Vol. 5 Num 804 Wed. August 30, 2006  

One third of countrymen have no access to media
Media experts tell workshop

Diversification of mass media is widening up the information gap between the rich and the poor, said the media experts at a national workshop yesterday.

They said almost one third of countrymen especially in rural areas have no access to regular media.

The experts emphasised that the diversification of mass media should take place in a pro-poor way so that the majority of media dark or media poor people have greater access to a wider array of broadcasting channels.

They said despite diversification of satellite TV channels, a large portion of countrymen have no regular access to them as only 0.6 percent of rural households have cable connection.

On the other hand, Bangladesh Television (BTV) and Bangladesh Betar enjoying the state monopoly have reduced the interest of people in having media access, they added.

The national workshop titled 'Diversification of broadcasting media in Bangladesh: Development implications' was organised by Bangladesh Enterprise Institute (BEI) at its conference room in Gulshan in the city.

The media experts suggested establishment of a permanent and independent National Broadcasting Commission to regulate media and give autonomy to BTV and Bangladesh Betar so that they can broadcast people-oriented programmes.

They also urged the government to enact legislation for creating public service broadcasting, private commercial broadcasting and community broadcasting system.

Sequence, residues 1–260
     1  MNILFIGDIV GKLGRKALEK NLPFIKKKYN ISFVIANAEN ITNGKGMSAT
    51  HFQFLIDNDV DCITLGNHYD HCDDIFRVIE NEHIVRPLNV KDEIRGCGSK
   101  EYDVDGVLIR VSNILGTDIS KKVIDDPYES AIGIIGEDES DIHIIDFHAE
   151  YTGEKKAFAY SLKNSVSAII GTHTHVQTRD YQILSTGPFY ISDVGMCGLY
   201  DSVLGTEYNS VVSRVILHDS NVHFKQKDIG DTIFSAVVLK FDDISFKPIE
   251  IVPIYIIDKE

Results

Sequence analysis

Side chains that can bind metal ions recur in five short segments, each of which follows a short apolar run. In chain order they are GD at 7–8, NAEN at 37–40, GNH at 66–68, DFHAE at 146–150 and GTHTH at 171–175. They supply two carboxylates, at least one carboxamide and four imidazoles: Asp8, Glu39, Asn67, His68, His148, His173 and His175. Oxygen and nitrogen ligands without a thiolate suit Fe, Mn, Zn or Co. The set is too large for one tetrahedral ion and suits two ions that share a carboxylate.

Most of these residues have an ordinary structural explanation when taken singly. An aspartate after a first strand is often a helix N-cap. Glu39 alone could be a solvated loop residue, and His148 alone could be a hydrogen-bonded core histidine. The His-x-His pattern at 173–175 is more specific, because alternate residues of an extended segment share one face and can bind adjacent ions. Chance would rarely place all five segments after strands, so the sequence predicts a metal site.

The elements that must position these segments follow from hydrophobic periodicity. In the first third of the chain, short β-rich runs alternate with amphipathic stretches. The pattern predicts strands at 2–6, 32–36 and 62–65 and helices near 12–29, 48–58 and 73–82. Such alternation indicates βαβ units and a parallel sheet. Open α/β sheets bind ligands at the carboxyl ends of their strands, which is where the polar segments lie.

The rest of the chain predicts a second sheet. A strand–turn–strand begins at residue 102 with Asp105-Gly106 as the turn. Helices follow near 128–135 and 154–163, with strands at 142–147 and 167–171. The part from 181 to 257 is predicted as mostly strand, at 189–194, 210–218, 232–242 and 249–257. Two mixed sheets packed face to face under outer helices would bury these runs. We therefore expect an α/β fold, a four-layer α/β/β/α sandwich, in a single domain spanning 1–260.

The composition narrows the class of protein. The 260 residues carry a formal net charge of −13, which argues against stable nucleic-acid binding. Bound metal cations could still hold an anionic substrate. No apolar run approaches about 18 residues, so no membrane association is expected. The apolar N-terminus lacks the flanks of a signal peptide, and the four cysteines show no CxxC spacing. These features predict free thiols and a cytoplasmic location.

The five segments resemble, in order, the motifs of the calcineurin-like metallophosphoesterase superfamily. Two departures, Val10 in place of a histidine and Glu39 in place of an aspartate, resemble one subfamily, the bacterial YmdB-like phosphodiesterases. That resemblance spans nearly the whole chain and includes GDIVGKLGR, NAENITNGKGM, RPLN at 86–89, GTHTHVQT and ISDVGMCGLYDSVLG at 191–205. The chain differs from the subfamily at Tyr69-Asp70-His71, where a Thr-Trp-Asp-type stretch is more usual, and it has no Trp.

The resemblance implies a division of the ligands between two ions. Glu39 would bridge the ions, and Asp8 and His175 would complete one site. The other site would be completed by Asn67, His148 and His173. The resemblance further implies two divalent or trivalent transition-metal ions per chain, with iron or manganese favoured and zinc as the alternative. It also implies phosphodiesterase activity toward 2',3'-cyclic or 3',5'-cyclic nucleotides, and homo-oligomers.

Dr Golam Rahman, professor of mass communication and journalism department of Dhaka University, said print media is inaccessible to those who are illiterate or have low education level.

Besides, print media is often unavailable in rural areas while Internet remains primarily the preserve of the urban, wealthy and educated elite, he added.

Dr Rahman said only broadcasting media can cut literacy barriers for reaching information to poor and marginalised groups.

Shahab Enam Khan, lecturer in international relations department of Jahangirnagar University, said the recent growth of media has had very little impact on poor in rural areas.

"A total of 28.5 percent of all Bangladeshis have no access to regular media," he said terming this group as 'media dark' in his research.

Shahab who presented the keynote paper titled 'Media in development: Linkages between socio-economic development and diversified media in Bangladesh', pointed out that only 10 percent of all households and 0.6 percent of households in rural areas have a satellite or cable connection.

Speaking as chief guest Information Minister M Shamsul Islam said it is very important to establish National Broadcasting Commission and enact Broadcasting Act for the greater interest of the nation.

"Such initiatives should be implemented immediately in order to ensure many positive benefits of a diversified broadcasting media," he added.

Asafuddowlah, editor-in-chief of The Bangladesh Today, said, "Cameras should move in search of news, not for the ministers."

Awami League leader and former legislator Saber Hossain Chowdhury said five private TV channels have been allowed to broadcast considering the political interest of BNP-led four-party alliance government.

Ramendu Majumdar, a cultural personality, said community radio should be launched to reach information to marginalised poor people in rural areas.

BEI Chairman Farooq Sobhan moderated the workshop which was participated by Chairman of the Press Institute of Bangladesh Sadek Khan, Naser Rahman MP, Assistant Editor of The Daily Star Zafar Sobhan, Media personality Aly Zaker and Amader Samoy Editor Naimul Islam Khan.